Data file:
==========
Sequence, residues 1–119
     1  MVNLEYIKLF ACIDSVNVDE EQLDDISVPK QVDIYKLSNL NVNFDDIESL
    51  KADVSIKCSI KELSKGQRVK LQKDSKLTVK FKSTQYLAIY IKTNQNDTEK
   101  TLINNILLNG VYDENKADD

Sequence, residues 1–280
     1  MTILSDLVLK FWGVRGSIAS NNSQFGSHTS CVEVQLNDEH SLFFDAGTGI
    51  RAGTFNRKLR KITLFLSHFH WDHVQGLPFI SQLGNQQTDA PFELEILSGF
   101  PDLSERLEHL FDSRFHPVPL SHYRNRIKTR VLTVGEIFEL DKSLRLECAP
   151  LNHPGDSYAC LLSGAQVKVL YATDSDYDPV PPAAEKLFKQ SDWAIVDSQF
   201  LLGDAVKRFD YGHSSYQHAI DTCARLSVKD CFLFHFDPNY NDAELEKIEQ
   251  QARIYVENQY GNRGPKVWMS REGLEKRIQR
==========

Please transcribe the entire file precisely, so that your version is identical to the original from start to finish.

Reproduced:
Sequence, residues 1–119
     1  MVNLEYIKLF ACIDSVNVDE EQLDDISVPK QVDIYKLSNL NVNFDDIESL
    51  KADVSIKCSI KELSKGQRVK LQKDSKLTVK FKSTQYLAIY IKTNQNDTEK
   101  TLINNILLNG VYDENKADD

Sequence, residues 1–280
     1  MTILSDLVLK FWGVRGSIAS NNSQFGSHTS CVEVQLNDEH SLFFDAGTGI
    51  RAGTFNRKLR KITLFLSHFH WDHVQGLPFI SQLGNQQTDA PFELEILSGF
   101  PDLSERLEHL FDSRFHPVPL SHYRNRIKTR VLTVGEIFEL DKSLRLECAP
   151  LNHPGDSYAC LLSGAQVKVL YATDSDYDPV PPAAEKLFKQ SDWAIVDSQF
   201  LLGDAVKRFD YGHSSYQHAI DTCARLSVKD CFLFHFDPNY NDAELEKIEQ
   251  QARIYVENQY GNRGPKVWMS REGLEKRIQR